March 17, 2008
From Liberty Street


John Turner

I don't want to be pessimistic or anything approaching that degree of unAmericanness, but I have to admit that reading newspapers and watching TV lately hasn't given me a cheery feeling about the near future in America. Freud is often quoted as saying that there are three sources of human unhappiness -- roughly, demons of nature, demons of society, and demons of the mind. Until recently, we've assumed that the latter were our big problem but I sense that social problems, caused by a blank-minded approach to reality, are about to move into first place.

I don't really care that the value of Bear Sterns stock has declined over the past year from $170 a share to $2 a share, that is until I began to think about the truth that the purchase of the failing company by J. P. Morgan at these so-called bargain basement rates has to be underwritten by the Federal Reserve Bank. That means, essentially, that U.S. tax dollars are going to be spent to save a huge financial conglomerate from simply falling apart. If it were only one corporation involved in the bailout, I wouldn't be much worried about these desperate actions eventually reaching my doorstep in a significant way. But I hear many voices saying that Bear Sterns is just the beginning. Is there a possibility they might be right?

What has happened to the preternaturally wise men, guys like Alan Greenspan, who have been assuring us all through the happy years of Bushdom that we had in "the market" an entity more exalted than God which would always take care of every little thing if we would just let it follow it's will? We were all going to be lifted to levels of unimaginable wealth by taking care that the evil hand of political regulation not be raised against the inerrancy of greed and  by keeping flawed human intelligence  out of the process altogether. It's not entirely clear to me how that fits with using tax dollars taken from people who can't afford medical insurance to rescue Wall Street bankers. But, then, I don't dwell in the rarefied regions.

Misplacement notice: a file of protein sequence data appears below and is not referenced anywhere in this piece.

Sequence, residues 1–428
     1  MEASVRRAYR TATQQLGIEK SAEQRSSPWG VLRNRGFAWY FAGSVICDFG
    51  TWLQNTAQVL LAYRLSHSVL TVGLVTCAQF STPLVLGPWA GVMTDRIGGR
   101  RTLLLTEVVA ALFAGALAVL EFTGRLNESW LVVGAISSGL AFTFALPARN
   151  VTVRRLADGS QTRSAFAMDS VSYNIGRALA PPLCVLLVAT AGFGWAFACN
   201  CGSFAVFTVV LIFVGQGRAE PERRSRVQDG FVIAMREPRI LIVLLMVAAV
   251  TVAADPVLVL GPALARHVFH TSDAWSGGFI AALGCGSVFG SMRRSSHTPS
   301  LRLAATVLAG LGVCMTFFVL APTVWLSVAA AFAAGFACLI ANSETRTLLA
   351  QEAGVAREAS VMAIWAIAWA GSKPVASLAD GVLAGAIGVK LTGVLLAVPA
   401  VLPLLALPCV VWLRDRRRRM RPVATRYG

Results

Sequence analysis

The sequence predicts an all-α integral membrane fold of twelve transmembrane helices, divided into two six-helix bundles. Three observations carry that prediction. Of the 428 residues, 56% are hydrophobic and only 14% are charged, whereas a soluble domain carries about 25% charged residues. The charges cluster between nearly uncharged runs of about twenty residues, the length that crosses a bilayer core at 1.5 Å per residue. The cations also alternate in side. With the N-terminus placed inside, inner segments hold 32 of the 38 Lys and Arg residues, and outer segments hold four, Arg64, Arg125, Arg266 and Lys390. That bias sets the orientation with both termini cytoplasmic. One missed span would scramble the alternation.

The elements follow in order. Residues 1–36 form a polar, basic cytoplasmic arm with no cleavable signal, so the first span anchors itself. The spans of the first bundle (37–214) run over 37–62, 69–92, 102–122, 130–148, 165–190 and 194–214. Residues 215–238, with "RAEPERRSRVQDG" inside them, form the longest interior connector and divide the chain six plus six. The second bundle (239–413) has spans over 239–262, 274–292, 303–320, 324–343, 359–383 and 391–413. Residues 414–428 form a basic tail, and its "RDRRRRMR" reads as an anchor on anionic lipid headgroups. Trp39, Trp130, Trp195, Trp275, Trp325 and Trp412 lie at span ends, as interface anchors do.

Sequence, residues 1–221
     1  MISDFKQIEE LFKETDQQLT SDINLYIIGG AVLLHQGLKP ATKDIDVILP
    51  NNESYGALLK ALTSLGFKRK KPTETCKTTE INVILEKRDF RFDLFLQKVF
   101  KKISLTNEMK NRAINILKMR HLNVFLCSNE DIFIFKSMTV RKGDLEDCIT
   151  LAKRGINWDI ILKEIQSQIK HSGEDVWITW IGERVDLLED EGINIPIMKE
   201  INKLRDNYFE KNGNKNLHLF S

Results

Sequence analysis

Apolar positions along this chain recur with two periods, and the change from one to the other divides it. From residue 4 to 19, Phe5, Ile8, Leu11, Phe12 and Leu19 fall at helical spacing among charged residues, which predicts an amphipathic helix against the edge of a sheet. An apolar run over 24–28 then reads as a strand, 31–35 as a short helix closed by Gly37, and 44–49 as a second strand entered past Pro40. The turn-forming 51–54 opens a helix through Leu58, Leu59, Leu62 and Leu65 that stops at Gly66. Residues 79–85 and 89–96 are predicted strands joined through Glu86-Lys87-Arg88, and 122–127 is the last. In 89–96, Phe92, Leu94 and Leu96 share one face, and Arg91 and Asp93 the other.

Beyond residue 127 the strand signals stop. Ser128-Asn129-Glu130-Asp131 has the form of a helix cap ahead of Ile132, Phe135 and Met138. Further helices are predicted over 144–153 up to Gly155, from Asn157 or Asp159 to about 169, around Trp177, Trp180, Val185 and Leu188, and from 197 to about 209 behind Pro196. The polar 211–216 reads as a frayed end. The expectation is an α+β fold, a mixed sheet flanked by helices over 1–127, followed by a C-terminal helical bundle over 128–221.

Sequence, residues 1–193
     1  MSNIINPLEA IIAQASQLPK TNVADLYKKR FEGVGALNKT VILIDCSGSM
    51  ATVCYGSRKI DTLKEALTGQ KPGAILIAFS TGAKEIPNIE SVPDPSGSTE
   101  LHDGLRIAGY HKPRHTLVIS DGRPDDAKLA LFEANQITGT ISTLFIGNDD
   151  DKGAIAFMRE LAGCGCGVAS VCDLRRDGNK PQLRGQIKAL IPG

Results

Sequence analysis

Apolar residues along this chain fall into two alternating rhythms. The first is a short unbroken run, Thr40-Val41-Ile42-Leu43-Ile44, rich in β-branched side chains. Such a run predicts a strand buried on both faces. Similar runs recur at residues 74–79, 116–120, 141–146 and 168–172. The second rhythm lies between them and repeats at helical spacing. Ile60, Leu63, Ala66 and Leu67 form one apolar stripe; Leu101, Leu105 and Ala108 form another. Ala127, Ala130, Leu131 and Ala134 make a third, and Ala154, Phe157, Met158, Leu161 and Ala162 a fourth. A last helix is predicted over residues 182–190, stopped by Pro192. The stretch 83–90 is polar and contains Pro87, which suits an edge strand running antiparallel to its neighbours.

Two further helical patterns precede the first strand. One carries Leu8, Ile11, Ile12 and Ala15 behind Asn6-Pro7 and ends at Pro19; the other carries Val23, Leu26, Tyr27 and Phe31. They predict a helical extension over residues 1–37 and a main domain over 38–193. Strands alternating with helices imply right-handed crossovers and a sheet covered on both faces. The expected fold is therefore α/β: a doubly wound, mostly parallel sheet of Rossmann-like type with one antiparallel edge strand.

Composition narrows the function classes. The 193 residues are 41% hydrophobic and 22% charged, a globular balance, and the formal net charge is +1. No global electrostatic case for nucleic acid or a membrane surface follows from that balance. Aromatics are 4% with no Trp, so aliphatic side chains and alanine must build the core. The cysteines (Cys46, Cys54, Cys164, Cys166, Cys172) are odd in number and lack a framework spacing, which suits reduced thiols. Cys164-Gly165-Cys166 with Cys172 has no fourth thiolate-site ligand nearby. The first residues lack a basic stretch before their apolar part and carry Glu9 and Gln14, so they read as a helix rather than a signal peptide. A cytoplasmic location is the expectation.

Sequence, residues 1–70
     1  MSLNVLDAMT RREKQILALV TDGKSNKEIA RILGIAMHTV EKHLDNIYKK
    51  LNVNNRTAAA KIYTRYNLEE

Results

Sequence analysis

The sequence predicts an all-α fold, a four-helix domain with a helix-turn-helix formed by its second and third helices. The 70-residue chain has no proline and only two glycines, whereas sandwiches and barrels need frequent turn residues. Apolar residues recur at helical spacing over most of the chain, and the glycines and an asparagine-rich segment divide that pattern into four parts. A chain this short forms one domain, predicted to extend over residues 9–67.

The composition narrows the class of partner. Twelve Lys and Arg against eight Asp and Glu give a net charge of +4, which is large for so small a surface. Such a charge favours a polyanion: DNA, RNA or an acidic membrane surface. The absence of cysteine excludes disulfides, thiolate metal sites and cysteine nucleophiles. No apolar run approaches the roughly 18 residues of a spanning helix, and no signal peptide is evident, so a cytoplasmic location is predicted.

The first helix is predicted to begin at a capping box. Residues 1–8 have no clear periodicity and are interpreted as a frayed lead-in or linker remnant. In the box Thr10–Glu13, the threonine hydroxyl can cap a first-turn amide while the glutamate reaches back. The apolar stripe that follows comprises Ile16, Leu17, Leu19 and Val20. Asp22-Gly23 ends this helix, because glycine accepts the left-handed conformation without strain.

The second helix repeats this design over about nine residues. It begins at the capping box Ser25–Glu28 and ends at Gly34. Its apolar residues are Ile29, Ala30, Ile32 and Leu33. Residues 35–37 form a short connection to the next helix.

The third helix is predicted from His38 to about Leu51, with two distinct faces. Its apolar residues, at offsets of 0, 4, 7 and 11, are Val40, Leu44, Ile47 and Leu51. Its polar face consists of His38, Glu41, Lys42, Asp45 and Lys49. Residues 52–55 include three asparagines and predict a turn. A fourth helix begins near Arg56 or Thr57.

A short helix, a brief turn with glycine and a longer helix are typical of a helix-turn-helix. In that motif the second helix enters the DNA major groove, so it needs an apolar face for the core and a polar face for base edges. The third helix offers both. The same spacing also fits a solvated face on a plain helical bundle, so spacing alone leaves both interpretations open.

There is some relief from financial worries though. They may be a minor source of our problems. On Book TV, I watched Gene Karpinski interview Mark Lynas, the author of Six Degrees. The book attempts to sketch what the effect of average temperature increases would be, from two degrees up till six. And at the upper levels of that range the results would be disastrous. As far as we know, only once over the course of the earth's history has there been a increase of that dimension, and it caused what Lynas described as mass extinction. Ninety percent of the creatures on earth died. It's unlikely we're facing an increase of that amount, although if we continue to pump carbon into the atmosphere at the rate we've been doing it, we would reach those levels within a couple centuries. But even a two degree rise, which is probable over the next several generations will cause severe changes.

There will be another attempt next year to reach worldwide regulation of carbon emission. Up till now the United States has been the major barrier to efforts of that sort, and Lynas says the citizens of this country are amazingly unaware of anger our behavior has generated among the rest of the people of the globe. They see us as killing the earth, or, at least, as making it unfit for human habitation, and that is rapidly coming to be viewed as terrorism beyond anything we have heretofore experienced. So, it's not completely fanciful to expect the major political division of the future to be the United States against the world, which, if it happens, isn't likely to make life here more pleasant.

I see that John Burns, the famous New York Times reporter, who supplied us with major news from Baghdad during the first four years of the American occupation has written a fairly lengthy retrospective on his experience in Iraq. One of the things his observation there brought to him is this: "that terrible sense, familiar to anybody who has experienced war, that nothing, or almost nothing, can justify its wounds." Wow! Mr. Burns. What an insight! You had to sit around and watch war tear a country apart to get that, huh? If that's the case, then ordinary Mr. and Ms. America, not having had the experience of watching bombs rip bodies apart, will not be able to grasp that this country's reliance on military violence to make everything hunky-dory and fix up the world, may not be the smartest policy of all time. We'll just keep on pouring our treasure into bigger and more expensive weapons, and going goo-goo eyes about not waving the white flag of surrender, while we increasingly come to be seen as the most pathological nation of the past decades and make the rest of the world determined to do something about us, something that probably won't be to our liking.

A few years ago we were treated to a story and a film about the "perfect storm," that is a series of seemingly unrelated conditions coming together to produce almost unimaginable natural violence. Are we now being treated to a menu that could produce a perfect societal storm? No one can say for sure, but there do seem to be signs. It's fairly clear that if the conditions cluttering the front pages of our newspapers do conjoin in a way to cause major hardship and social upheaval, a relatively small percentage of Americans will understand what's happening until they're in the process of being swept away. Attempting to address them one by one in an effort to safeguard ourselves against disaster would doubtless run counter to our God-derived directive to be always optimistic.


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